Another common question.

When a body is to be embalmed, it is subjected to a series of steps before the actual preparation of remains are complete.

STEP 1- Pre-Embalming Prep

First, funeral home personnel place the remains on an embalming table, not unlike those used for an autopsy. They then remove all of the clothing, and either clean and return them to the next of kin or destroy them. Next, personnel carefully inventory any jewelry, usually taping or tying rings in place, to prevent loss. Other jewelry and glasses are removed during embalming and then replaced on the remains. The deceased's features are the adjusted.

STEP 2- Preparation

The embalmer bathes the remains with a disinfectant spray or solution by sponging it on. Next, the embalmer positions the remains. He relieves rigor mortis (the stiffening of muscle tissue due to chemical change) by flexing and massaging the arms and legs. Then he or she will move the limbs to a natural position. At this point any hair or stubble is removed with a razor. To begin the embalming process, a small incision is usually made on the remains right side of the lower neck. It is at this site that two of the largest circulatory vessels are located. The carotid artery and the jugular vein.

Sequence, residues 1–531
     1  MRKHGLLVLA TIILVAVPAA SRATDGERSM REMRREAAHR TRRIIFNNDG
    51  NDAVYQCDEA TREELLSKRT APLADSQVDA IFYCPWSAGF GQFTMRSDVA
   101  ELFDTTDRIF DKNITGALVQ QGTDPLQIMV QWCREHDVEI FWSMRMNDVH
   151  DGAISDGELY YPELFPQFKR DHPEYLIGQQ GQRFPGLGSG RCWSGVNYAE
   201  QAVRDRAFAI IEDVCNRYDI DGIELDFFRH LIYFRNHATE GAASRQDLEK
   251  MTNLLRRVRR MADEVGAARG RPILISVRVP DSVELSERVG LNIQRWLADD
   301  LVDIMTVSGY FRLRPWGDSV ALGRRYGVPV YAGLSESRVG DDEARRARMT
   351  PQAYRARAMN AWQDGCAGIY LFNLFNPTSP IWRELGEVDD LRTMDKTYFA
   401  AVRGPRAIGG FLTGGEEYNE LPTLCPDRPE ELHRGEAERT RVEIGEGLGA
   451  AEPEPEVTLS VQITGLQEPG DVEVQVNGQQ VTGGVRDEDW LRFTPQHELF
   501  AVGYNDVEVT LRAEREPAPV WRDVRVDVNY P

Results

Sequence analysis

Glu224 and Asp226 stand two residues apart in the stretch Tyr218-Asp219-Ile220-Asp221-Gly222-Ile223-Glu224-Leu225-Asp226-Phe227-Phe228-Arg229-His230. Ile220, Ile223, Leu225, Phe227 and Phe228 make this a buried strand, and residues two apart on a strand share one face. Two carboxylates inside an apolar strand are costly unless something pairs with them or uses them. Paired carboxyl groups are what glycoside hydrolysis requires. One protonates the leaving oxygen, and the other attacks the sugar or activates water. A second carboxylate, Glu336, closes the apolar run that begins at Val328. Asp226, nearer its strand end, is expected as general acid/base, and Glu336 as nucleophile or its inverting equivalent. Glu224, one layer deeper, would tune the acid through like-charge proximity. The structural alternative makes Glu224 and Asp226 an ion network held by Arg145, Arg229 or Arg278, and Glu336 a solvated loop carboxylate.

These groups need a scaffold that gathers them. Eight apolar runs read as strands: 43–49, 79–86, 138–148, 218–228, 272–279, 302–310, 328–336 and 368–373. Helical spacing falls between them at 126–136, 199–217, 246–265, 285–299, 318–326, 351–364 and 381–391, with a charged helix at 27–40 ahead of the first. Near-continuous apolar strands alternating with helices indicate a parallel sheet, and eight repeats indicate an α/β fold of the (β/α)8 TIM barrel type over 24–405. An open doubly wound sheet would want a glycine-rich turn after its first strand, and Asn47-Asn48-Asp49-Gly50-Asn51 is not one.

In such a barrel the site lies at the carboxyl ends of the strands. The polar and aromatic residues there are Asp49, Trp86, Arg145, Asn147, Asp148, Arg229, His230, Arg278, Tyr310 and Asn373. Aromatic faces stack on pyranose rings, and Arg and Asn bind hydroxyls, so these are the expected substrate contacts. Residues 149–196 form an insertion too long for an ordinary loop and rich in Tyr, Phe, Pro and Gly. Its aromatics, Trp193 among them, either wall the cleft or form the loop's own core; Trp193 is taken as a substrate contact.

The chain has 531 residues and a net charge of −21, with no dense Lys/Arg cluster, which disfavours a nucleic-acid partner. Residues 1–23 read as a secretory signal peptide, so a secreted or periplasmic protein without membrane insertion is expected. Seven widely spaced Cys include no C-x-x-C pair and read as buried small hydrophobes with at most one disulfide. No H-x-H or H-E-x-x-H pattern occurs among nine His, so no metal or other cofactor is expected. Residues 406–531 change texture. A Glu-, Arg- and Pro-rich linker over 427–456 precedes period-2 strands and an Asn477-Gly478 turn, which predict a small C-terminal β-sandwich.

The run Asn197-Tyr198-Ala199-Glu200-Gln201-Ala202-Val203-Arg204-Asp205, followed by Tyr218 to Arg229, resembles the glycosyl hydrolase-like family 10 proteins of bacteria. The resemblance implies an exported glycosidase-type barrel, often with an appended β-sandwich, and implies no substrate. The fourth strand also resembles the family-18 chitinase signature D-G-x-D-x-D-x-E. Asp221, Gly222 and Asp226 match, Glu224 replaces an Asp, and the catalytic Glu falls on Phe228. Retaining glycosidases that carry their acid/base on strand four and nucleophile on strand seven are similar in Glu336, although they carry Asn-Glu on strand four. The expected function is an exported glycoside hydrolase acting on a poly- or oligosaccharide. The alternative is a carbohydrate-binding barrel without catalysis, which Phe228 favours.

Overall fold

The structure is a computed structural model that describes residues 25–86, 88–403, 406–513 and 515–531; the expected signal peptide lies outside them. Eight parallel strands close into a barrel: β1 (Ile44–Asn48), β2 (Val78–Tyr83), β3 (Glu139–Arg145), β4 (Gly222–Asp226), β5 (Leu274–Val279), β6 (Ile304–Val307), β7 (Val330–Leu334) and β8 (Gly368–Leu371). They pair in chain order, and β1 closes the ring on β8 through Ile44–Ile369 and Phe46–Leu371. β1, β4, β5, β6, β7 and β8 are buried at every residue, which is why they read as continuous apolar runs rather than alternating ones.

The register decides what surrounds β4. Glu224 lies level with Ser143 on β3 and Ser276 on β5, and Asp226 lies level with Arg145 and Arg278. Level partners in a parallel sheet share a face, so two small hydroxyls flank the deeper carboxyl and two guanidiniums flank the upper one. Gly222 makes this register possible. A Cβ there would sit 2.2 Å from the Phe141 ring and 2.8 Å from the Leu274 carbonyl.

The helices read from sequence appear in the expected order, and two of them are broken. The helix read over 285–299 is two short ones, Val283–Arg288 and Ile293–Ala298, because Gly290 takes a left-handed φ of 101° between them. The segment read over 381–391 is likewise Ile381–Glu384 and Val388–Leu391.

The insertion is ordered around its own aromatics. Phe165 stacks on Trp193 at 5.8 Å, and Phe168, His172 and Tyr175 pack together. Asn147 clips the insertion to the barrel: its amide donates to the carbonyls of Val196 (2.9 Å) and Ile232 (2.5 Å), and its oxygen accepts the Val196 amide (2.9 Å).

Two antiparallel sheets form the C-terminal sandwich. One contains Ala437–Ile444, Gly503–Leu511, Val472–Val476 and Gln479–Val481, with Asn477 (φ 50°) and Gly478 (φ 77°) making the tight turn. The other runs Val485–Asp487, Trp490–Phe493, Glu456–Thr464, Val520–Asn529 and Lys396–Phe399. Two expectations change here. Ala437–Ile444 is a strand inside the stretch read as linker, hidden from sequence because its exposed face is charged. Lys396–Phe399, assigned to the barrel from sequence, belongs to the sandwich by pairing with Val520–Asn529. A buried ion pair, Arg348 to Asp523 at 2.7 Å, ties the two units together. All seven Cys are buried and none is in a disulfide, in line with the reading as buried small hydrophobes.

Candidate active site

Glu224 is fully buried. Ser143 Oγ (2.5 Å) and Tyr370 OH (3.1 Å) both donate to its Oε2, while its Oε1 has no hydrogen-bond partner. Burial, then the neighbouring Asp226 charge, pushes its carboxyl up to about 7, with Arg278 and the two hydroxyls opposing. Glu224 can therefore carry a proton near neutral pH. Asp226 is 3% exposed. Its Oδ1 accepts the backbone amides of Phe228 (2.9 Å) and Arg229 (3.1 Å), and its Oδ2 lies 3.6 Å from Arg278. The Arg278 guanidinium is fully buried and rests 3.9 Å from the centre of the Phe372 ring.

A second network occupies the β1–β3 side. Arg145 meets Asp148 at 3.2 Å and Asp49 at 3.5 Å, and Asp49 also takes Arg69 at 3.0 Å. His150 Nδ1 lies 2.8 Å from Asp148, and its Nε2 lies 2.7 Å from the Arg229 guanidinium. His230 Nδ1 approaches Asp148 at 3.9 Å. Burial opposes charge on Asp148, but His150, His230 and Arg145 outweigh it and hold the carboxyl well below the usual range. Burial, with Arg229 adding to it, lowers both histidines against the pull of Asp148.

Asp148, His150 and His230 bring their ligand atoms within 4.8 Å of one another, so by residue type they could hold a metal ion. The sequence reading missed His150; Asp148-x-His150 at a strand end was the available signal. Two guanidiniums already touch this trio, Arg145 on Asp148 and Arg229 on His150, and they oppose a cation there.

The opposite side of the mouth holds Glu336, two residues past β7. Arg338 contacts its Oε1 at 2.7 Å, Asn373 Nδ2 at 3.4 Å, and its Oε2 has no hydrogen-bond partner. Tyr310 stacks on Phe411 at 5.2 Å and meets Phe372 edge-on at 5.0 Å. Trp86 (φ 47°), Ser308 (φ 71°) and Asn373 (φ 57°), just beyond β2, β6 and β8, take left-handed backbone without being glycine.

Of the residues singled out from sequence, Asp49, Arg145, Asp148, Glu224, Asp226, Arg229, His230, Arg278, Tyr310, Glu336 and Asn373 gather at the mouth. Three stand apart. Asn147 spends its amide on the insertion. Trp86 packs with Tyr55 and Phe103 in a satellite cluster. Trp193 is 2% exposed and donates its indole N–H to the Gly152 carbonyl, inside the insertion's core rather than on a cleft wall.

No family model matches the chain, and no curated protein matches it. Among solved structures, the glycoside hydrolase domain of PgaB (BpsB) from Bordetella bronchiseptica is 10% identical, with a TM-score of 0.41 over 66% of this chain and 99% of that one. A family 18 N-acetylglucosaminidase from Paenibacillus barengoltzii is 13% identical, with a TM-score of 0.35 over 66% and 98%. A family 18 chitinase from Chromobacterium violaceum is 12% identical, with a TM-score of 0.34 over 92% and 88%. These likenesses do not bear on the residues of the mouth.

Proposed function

STEP 3- Embalming Process

Incisions are made and a tube connected to the embalming pump is placed into the carotid artery. Another tube is placed into the jugular vein, this is called a drain tube. The basic theory is to pump embalming fluid into the artery. This will cause the blood to return through the veins for disposal. Approximately 3 gallons of a mixture of fluid and water are circulated through the remains for thorough disinfection and preservation to take place. There are times when clots and other factors stop the flow of fluid through out the whole system, and at these times, other points of injection are necessary in order to do a complete and thorough embalming. There are many factors which go into the process, which cannot be explained here due to space limitations, but some of the factors that the embalmer must assess before embalming are the mode of death, the weight of the remains, the general overall condition of the remains, any disease, etc. These factors determine the types and strengths of fluids used, and the type of embalming necessary to complete the task. This type of embalming is known as arterial embalming.